(and have your student help trying all of these solutions- hey, you could make it into a 'consumer test' of sorts...as well as a valuable life lesson);)
     
  24. Major

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    Seems very simple to me. Tell the kids parents they owe you the amount it takes for the repairs...... then as a side note I wouldn't babysit the 10 year old again........
     
  25. RainStorm

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    This is, hypotheotically, the reason why you have to be careful not to cross the line between teacher and nanny. Teachers teach in their student's space, just like classroom teachers teach in a school. If a school table had been damaaged like this it would have been unfortunate, but not a major issue because school property is for student use. Yes the student would have been punished, but it is made for heavy use, and after the punishment, it would have been over, and things would go back to normal. No classroom teacher would expect a school desk to be replace due to a marker mark with a smiley face. That would be considered unreasonable. If a teacher took a student to her house and the child damage something, they would probably be told by administration that they shouldn't have taken them home, and by doing such took it upon themselves. Unfortunate, but true.

    THis is why it is best that you teach in her school space, and during as regular of a teaching schedule as possible. If not, it won't be long before you are a glorified babysitter (if you aren't already.) You have to ask yourself, what specific lesson was she being taught at your place in the first place? What lesson was it that couldn't possibly have been taught in her own school area? THere is nothing wrong with babysitting if that is what you want, but I know teaching is where your heart is. If you wanted to babysit you would have opened a babysitting service long ago.

    Once you cross that line, it is all but impossible to stop the downhill roll. Of course it was no big deal to her parents. It didn't really affect them directly, and you are in a precarious position. If you make a deal about it, you aren't a good nanny/teacher/babysitter. They don't expect you will make any kind of deal out of it. They probably feel they pay you well to deal with such matters. This is a problem babysitters have to deal with on a daily basis. Even if you got them to pay for the paint, you'd still have to do all the work, and they'd resent you for even asking for the paint. You are in a no-win situation.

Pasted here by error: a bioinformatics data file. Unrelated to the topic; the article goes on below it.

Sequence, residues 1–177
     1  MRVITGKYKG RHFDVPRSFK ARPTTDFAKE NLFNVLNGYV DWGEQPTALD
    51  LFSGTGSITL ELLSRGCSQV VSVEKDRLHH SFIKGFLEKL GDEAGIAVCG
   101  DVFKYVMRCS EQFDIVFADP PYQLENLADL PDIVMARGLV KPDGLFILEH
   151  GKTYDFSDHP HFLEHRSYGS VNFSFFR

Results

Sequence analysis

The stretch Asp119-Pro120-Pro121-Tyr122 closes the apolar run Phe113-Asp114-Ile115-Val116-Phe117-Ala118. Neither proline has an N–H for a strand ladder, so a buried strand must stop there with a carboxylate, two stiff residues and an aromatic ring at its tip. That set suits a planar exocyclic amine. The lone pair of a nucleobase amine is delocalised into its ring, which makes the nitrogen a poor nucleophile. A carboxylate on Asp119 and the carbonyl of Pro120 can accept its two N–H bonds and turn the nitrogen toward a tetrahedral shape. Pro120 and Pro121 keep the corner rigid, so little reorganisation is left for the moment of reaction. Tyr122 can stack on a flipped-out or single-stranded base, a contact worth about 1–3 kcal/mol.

When a child isn't properly socialized, and feels "in the way" they act out. This is just the beginning. Unfortunately, you will see that soon enough. Hold on, it is just the beginning. They may feel like "family" when all is going well, but that changes the second something negative happens.
     
  26. Major

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    Excellent post, RainStorm.........:thumb:
     
  27. yarnwoman

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    I think RainStorm has said it best!
     
  28. czacza

    czacza Multitudinous

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    She has that talent.
     
  29. becky

    becky Enthusiast

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    One day I was cleaning off our dining room table and saw a smiley face with crossed eyes- a definite Jeannie smiley. She lost her 'school money' for that day.

    I don't see this as an only child, homeschooled issue, I see it as maybe a bored, lonely child. Can you put her in activities, Jem? Surely there are homeschool groups/classes/library programs you could take her to, then buddy up to some moms to arrange playdates.
     
  30. czacza

    czacza Multitudinous

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    Can't imagine Jeannie was bored or lonely, Becky, you have her involved in so much.

    I think Jem's kid is a very different situation than a traditional home-school kid- she seems to be very busy, Jem certainly shares about their academic and other pursuits to put questions of boredom out of the discussion. I do think however that there are underlying issues...
     
  31. becky

    becky Enthusiast

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    You probably know more than I because I haven't been around much lately. However, I have been homeschooling 5 years now. You can put a child in multiple activities per day even, but they also need unstructured friend time. So, yes, a child in Jeannie's or Jem's situation can be bored or lonely, no matter how much they are involved in. It's also true that if a child feels 'in the way', like Rainstorm said, they will act out. The child that used to hurt Jeannie was all but told outright she wasn't wanted, and I have long believed it was her parents' fault she behaved like she did.
     
  32. mrachelle87

    mrachelle87 Fanatic

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    Ace Hardware sells a product called Graffitti Remover. It is great. My two year old took Sharpie to my silver ice box and the wall. It took it all out. It was not a small spot.
     
  33. czacza

    czacza Multitudinous

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    OH, I definitely think there is a parenting/parent-child relationship issue at play here...that's why I think it's way different than your situation.